Are aching joints keeping you from enjoying a healthy and active lifestyle? A Coquitlam Community Imaging Clinic can help with that by using your body’s own natural healing powers to treat chronic pain and discomfort.
MedRay Imaging, located at 100 - 3001 Gordon Ave., offers a process employing platelet-rich plasma (PRP), a component found in blood, to help repair body tissue.
The platelets, derived from a small amount of your own blood, are precisely re-injected back into the affected area, using MedRay’s expertise in medical imaging, where they can work their healing magic.
“Using a centrifuge, we are able to spin and separate your blood into various components, one of them being a rich and densely concentrated plasma with about 18 times the baseline amount of platelets that you naturally have,” said Randy Webster, COO of MedRay Imaging.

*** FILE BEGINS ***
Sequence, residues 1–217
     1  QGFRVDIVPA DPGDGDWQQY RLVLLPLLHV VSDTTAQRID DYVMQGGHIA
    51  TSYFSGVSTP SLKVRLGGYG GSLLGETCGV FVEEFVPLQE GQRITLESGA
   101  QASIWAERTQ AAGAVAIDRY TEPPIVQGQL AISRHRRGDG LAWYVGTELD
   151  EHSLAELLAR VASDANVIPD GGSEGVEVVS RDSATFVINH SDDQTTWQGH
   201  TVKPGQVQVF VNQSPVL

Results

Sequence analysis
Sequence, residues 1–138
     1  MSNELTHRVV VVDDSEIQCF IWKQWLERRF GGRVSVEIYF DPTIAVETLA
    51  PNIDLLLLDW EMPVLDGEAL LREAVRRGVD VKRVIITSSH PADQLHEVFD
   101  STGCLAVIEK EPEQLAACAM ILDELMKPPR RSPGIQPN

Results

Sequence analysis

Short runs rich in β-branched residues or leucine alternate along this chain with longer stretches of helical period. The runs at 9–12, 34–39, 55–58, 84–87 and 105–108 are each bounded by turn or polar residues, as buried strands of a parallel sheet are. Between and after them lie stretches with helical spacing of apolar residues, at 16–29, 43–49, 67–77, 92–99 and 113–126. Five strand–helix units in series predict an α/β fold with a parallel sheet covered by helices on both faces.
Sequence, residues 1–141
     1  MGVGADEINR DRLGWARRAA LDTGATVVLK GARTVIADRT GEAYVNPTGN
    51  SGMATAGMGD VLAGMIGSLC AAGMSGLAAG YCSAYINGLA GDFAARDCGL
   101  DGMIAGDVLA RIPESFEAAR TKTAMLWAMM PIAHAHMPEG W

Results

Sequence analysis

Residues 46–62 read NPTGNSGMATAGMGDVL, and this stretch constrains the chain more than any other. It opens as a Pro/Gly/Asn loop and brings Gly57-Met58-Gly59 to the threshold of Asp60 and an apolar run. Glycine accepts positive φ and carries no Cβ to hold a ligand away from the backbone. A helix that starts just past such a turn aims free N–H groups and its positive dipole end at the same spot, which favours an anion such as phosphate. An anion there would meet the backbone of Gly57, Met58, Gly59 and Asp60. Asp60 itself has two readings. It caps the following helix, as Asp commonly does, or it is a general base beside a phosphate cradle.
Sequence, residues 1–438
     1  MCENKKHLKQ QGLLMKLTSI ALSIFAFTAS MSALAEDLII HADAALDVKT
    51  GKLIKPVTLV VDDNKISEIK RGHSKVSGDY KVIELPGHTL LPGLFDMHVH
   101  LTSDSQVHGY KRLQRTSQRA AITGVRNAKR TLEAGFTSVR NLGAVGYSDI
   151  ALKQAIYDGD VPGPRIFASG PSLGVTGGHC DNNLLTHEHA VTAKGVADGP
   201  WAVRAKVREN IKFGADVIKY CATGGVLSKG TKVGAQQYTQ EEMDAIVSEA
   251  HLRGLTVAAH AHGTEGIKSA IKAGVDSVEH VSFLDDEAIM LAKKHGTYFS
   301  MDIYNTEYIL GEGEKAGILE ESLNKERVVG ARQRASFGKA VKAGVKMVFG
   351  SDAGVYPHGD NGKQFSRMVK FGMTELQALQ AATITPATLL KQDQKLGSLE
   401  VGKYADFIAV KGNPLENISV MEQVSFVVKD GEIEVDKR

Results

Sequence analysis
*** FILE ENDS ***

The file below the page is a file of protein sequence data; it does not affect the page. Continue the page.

Since the blood supply to most tendons in a body is usually quite low, delivering a targeted platelet-rich injection directly to an affected area helps speed up healing and reduces discomfort.
“It triggers the healing within that specific part of your body,” Webster explained.
Traditional treatments for chronic joint pain usually involve anti-inflammatory medications or pain killers that can have negative side effects. While other treatments, such as steroid injections, can offer relief but they don’t address the core source of the problem. PRP goes to the root cause to repair tissue and provide pain relief, naturally.
“For a lot of people who lead active lifestyles, this treatment allows them to continue with that,” Webster said. “A lot of amateur and professional athletes who have used this have said it has extended their careers because it has allowed their body to regenerate.”
PRP is not covered by B.C.’s Medical Services Plan and each treatment costs $850. Webster said the number of treatments required can vary with the individual, depending on how your body responds.
“Some people can see results from one treatment, others can have a treatment once every four months over a longer period of time,” he said. “Ultimately, we want to give people relief and get them back to an active lifestyle.”